Slate: What about separating teams from schools?
Green: I don’t think that will ever happen. I certainly agree that college football and college basketball are farm teams for the NBA and the NFL. What you have, though, is tradition and a connection between student-athletes and the other students and the alumni that’s very powerful. You could argue that most athletes are there for the sole purpose of their sport rather than their education—although I think we’ve come quite a ways in the last 25 years, since I was in college. Graduation rates have improved. NCAA academic standards have gotten more stringent. Practice times have been reduced, all with an eye to educating student athletes.
Slate: The shortened practice times and firmed-up academic standards—are these good things?
Green: In some instances, yes. In others, athletes are being denied an opportunity. Because the NCAA has a monopoly on these pre-professional sports, it’s wrong to deprive people of the chance to make a lucrative athletic career just because they don’t have certain academic credentials.
It’s a paradox. As I said, there’s an unfairness to young athletes who are denied the opportunity to play in farm leagues because of their lack of academic success. But if colleges are not going to relinquish control of these leagues, which they’re not, it only makes sense that they should do their best to foster this idea that athletes should be students as well. That means getting their degrees and being a legitimate part of the student body. And the NCAA has done that. You see, they have stiffened the requirements for players coming out of high school. They’ve tightened them during a player’s college career. And they’ve also reduced, by mandate, the amount of time that an athlete can spend with his coaches and on the practice field. All those things equate to a higher probability that an athlete is also going to be a student—that he’ll leave with a college diploma. And I think that’s good, if only because I can’t see the NCAA or colleges ever saying, you know what, we’re just going to relinquish this multibillion-dollar revenue stream because it doesn’t have a place in our institutions of higher learning.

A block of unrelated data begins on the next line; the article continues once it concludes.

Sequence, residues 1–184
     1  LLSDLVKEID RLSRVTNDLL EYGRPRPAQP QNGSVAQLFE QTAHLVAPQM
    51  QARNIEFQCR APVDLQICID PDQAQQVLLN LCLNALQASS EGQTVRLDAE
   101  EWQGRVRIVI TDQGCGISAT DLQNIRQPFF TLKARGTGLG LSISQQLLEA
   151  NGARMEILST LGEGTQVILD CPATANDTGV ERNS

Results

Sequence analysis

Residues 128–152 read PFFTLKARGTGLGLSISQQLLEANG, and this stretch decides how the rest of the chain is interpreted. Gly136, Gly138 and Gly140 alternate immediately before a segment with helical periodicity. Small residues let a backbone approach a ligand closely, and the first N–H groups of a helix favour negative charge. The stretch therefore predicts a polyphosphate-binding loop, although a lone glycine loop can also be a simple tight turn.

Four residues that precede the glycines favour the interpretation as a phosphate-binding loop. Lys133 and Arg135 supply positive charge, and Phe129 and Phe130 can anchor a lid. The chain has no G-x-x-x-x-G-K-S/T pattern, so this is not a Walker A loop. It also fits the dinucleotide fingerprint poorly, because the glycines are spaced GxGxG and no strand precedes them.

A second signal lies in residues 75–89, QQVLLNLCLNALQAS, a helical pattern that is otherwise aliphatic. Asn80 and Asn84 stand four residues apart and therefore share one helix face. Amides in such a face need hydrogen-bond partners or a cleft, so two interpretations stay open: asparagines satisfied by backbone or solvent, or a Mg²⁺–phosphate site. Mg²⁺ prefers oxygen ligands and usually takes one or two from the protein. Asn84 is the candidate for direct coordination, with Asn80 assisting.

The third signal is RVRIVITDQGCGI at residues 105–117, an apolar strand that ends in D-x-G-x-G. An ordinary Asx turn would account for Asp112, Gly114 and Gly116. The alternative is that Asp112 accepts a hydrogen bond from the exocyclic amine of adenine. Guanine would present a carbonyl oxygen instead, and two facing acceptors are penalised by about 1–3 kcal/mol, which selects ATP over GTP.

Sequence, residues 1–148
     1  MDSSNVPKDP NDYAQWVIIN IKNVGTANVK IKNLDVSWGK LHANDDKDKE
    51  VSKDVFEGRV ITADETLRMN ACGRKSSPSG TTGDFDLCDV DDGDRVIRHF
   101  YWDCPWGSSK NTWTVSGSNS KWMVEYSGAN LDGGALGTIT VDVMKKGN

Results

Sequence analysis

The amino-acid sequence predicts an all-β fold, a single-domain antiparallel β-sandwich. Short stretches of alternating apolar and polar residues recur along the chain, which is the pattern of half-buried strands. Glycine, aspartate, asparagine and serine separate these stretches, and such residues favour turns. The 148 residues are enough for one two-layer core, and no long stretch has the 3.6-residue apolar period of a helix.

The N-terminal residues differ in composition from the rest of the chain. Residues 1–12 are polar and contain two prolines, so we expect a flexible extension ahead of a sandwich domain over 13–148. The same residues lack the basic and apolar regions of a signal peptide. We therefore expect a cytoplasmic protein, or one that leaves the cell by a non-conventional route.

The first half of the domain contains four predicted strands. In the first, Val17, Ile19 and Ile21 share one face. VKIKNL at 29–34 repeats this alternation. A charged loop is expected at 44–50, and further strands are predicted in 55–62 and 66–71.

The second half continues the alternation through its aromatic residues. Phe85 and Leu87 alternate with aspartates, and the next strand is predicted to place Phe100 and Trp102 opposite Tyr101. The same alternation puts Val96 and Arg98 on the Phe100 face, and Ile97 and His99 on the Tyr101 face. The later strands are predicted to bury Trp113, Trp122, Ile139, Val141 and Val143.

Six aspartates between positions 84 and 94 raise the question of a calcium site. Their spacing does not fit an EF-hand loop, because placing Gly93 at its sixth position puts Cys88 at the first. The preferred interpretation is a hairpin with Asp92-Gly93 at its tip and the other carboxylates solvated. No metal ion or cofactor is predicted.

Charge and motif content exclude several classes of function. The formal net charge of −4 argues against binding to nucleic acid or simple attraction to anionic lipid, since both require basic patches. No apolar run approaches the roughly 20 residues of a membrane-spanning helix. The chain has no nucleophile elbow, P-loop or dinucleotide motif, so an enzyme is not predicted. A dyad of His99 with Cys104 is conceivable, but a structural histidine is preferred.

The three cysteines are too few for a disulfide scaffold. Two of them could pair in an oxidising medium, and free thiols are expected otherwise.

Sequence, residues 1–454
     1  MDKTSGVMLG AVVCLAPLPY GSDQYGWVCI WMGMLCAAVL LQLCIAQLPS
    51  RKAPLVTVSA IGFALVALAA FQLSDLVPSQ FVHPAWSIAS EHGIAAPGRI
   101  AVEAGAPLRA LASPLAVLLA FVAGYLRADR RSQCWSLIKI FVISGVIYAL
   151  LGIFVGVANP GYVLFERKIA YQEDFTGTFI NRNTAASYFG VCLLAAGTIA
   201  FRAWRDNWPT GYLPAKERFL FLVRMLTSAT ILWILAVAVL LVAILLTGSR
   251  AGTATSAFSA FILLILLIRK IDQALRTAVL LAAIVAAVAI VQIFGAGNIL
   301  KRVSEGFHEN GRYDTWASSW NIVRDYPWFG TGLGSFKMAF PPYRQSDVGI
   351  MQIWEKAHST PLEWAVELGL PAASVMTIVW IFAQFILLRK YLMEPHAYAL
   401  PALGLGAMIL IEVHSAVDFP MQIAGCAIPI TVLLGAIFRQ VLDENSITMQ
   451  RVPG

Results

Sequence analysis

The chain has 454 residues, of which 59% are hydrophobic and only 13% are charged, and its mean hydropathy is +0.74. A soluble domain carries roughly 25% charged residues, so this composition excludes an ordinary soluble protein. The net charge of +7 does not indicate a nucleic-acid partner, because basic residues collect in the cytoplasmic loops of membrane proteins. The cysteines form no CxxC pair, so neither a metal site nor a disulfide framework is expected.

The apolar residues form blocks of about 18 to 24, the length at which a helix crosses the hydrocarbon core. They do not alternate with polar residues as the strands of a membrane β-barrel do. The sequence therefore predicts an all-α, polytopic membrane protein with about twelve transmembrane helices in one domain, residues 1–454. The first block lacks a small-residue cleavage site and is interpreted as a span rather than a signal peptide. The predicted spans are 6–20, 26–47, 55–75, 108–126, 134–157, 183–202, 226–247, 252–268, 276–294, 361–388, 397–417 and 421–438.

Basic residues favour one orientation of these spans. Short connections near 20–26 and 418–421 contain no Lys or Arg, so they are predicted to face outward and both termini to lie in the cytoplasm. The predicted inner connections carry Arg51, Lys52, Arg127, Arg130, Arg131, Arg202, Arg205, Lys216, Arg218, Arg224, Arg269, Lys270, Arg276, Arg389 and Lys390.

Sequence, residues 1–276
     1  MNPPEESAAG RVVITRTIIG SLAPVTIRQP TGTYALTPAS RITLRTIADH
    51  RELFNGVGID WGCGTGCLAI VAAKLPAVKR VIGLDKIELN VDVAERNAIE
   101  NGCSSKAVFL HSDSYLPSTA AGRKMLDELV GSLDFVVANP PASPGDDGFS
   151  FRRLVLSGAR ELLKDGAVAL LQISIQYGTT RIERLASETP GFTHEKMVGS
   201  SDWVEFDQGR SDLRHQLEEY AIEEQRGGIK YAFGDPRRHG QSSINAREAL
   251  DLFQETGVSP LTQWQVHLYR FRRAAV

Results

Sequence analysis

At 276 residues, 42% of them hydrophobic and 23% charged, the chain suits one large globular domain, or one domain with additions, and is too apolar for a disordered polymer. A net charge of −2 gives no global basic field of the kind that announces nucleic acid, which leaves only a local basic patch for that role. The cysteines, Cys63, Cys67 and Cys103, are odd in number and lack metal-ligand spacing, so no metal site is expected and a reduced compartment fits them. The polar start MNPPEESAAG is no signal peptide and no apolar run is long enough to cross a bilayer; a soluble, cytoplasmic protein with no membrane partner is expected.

Slate: Some people complain that football players at major programs can get away with academic problems that normal students would be punished for. On the other hand, fans and coaches say that players’ relative prominence means they’re on the hook for the most minor infractions. What do you think happens more—athletes being held to higher or lower standards than the general student population?
Green: It’s a bell curve: On one edge, players get away with things because they’re players. On the other edge, players’ celebrity puts them under heightened scrutiny. I think the majority lies right in the middle with the rest of the students. That’s my perception of it. Of course, whenever a player does get away with something that he shouldn’t, that excites the attention of the media and gossip and Facebook and Twitter.
Slate: You’re playing defense at this debate. When Buzz Bissinger and Malcolm Gladwell attack college football, what will you say redeems it? In what sense does the good outweigh the bad?
Green: I am thankful for my great experience as a college athlete and I would hate to see other athletes denied that opportunity. There are a lot of good things about college sports. They’re not without their flaws, just like anything else. But on the whole, football was something that I dreamed of as a kid—something that I was and am very grateful that I was able to do. To me, the notion that people would be denied that opportunity is unthinkable.
Finally, a word of caution: I know the game has evolved to become more safe than it was before. I think there’s a fine line between safety and diluting the excitement and intensity of the contest.